But here we were.  We stayed at Excalibur – the castle-themed hotel, across from New York, New York and the MGM and near Luxor, the Egyptian themed hotel.  I figured it would have the most interest for the boys, Because Knights,  plus it was one of the cheapest.  Now, let me add that it wasn’t super cheap  because it was a Friday.  If we’d stayed during the week, I could have gotten a room there for under fifty bucks, but, of course, this was the weekend, so it was more.  Not exorbitant, but not cheap, either.

But since we got to Vegas before check-in time, we made a stop:

The Pinball Hall of Fame.  I had misunderstood what I’d read about it, and went into it thinking that all the games were just a quarter, but not so. The games that were originally a quarter were still that, but everything else was what you’d expect to pay for pinball and a few vintage video games.  It was a decent way to spend an hour. Nostalgic, for sure.

DSCN4942But this was the game that they played the most…..

Then to check in.  Oh, I don’t want to give an hour-by-hour account.  Because you all want to know why I’m so judgy about Vegas, right?

Here’s the thing. Well, here are the things.

  • I’m not a prude or puritanical.  I’m super protective of my kids – more so, in fact, than some parents I know who are more personally prudish than I am.  Weird. But in terms of myself, it takes a lot to offend me or upset my equilibrium.  I tend to view life from a human interest perspective, not as someone who think she’s ( or would like to be) the Deity on the Judgment Seat.
  • I had told the boys before we got to Vegas, “In Las Vegas, you are probably going to see adults at their worst.”  Wasting time, wasting money, drunk, hooking up (in so many words), just Randomly Satisfying Hungers. Prepped. Ready. Realistic.
  • I was curious about the Strip – the architecture, the themed casinos, and so on.  And although I’ve been to NYC, Paris & Venice for real, and we’ve stayed in an actual castle, I was determined not to be snobby about all of that.  I was interested to see how the experience would be compressed for the Vegas clientele. Like Epcot, right? Even though I don’t like Epcot either. But still! Have fun! Look at the cool things creative and inventive humans do!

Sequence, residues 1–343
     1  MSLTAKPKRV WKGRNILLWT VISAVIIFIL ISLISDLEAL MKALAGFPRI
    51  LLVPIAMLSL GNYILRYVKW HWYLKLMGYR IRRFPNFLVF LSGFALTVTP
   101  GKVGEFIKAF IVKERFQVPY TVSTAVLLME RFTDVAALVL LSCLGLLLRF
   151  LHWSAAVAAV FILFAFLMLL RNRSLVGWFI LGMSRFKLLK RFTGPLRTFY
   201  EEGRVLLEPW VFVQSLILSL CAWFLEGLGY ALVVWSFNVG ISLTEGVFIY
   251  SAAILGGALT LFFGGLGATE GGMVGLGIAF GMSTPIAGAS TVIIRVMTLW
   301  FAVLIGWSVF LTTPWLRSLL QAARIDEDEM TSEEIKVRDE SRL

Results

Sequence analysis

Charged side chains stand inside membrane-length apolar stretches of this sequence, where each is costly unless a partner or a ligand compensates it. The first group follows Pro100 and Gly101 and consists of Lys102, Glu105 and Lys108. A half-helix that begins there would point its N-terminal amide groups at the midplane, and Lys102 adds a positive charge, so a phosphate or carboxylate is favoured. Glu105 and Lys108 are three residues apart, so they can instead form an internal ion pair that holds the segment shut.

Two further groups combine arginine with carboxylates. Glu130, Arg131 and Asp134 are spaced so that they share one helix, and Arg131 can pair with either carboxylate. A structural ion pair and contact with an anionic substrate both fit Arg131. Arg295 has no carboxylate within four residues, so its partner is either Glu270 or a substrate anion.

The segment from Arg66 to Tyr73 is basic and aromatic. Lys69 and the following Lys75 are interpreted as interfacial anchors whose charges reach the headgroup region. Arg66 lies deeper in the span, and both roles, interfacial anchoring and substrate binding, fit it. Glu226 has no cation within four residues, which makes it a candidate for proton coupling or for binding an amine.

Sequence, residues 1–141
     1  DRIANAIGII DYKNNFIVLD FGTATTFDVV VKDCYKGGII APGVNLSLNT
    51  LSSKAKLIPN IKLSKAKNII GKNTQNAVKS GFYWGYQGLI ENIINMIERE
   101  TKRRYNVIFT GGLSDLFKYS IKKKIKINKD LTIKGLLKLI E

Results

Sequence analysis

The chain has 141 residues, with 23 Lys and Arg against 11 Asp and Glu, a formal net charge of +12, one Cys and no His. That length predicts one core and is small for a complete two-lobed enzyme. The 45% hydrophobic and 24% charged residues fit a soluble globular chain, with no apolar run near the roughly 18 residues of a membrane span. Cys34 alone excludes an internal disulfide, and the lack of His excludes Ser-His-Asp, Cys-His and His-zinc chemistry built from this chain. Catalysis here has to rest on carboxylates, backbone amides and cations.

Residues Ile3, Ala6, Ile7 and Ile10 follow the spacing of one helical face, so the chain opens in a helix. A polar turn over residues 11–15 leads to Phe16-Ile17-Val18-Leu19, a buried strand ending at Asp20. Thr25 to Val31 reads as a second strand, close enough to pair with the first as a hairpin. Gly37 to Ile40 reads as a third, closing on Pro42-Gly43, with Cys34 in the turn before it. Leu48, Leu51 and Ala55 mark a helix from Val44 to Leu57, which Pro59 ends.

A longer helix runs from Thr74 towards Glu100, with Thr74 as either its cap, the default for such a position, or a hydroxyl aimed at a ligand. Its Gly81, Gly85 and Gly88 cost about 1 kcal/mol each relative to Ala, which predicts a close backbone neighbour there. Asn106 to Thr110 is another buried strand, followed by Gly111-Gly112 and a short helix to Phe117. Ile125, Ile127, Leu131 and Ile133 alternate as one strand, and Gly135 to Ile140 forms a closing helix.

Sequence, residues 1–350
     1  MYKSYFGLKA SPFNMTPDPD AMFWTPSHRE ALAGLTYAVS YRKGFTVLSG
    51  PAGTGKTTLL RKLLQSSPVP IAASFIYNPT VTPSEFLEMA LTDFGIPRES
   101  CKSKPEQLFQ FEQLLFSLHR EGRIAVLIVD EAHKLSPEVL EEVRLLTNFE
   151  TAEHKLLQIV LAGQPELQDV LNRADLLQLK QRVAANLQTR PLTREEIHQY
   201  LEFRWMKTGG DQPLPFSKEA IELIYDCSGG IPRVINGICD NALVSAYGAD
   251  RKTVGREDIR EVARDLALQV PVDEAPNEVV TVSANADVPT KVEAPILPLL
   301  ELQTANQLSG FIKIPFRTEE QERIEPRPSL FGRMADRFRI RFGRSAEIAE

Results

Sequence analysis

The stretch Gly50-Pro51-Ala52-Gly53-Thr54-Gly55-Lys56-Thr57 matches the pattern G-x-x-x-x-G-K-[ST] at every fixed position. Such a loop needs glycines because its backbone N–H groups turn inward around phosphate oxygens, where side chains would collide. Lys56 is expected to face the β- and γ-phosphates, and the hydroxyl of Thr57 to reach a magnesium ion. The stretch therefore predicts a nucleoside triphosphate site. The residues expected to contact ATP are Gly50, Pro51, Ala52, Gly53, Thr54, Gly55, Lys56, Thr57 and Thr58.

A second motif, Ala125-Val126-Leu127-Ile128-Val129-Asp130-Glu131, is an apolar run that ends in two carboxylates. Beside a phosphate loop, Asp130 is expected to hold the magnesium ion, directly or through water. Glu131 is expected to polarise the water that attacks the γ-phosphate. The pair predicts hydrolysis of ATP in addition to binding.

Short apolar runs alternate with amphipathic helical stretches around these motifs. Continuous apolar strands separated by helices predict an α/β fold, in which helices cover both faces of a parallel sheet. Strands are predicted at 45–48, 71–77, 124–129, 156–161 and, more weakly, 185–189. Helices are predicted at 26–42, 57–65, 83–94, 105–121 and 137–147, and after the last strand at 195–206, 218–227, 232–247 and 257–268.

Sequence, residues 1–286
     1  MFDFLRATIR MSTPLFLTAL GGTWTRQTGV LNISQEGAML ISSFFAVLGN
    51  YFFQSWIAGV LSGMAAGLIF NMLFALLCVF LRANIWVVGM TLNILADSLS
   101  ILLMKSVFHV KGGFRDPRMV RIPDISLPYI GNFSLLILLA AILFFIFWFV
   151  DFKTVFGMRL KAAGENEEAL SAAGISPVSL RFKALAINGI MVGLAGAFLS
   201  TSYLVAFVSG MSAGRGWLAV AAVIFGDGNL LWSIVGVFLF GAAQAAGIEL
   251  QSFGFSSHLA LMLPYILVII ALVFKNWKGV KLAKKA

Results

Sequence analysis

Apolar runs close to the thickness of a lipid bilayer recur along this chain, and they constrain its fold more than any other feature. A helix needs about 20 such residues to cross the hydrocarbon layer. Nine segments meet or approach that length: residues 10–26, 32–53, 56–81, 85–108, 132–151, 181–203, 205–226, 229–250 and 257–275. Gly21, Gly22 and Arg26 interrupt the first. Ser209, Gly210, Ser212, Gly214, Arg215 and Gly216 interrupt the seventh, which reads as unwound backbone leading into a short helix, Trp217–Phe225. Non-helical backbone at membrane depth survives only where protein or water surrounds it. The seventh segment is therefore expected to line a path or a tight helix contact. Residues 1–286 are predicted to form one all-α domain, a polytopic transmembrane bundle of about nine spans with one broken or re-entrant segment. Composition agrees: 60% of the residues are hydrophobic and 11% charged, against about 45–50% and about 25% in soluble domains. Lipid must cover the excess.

Ooooh, boy.

The plan was to check in, the walk up the Strip.  I wanted us to see the various casinos, and then end up at the Bellagio fountains, and see all that.

Here’s what happened:

We checked in, then walked down to the Luxor, saw that.  Walked back up to New York, New York.  Saw that. There’s a roller coaster that goes in and out of the casino, and inside the shops and restaurants are arranged in faux NYC neighborhoods.

I was so weirded out, this was the only exterior photo we took.

Walked across the street, went to the M & M Store. Got back out on the street. Walked half a block north toward the rest of the stuff…I paused. We paused.

My ten-year old looked up at me. He said, “I don’t like this. It’s creepy.”

Exactly.

Back to the room. Screw the Bellagio fountains. Get ready to go back home.

What was it? A combination of things.

  • The general depression that results any time you’re one of thousands of people milling around  noisy, brightly colored structures built solely for the purpose of manipulating you into spending mo money.
  • The slot machines, everywhere, powered by slouching humans in turn fueled by cigs and drinks.
  • Energy fueled by consumption of lots of cheap booze being consumed everywhere, sitting, standing, lying down.  It’s a different, distinct kind of energy.
  • Folks chugging in the middle of the M & M store.
  • Young women strolling down the strip in string bikinis. Young women in micro-minis with tops falling open to expose almost everything.
  • Bros in packs. Enough said.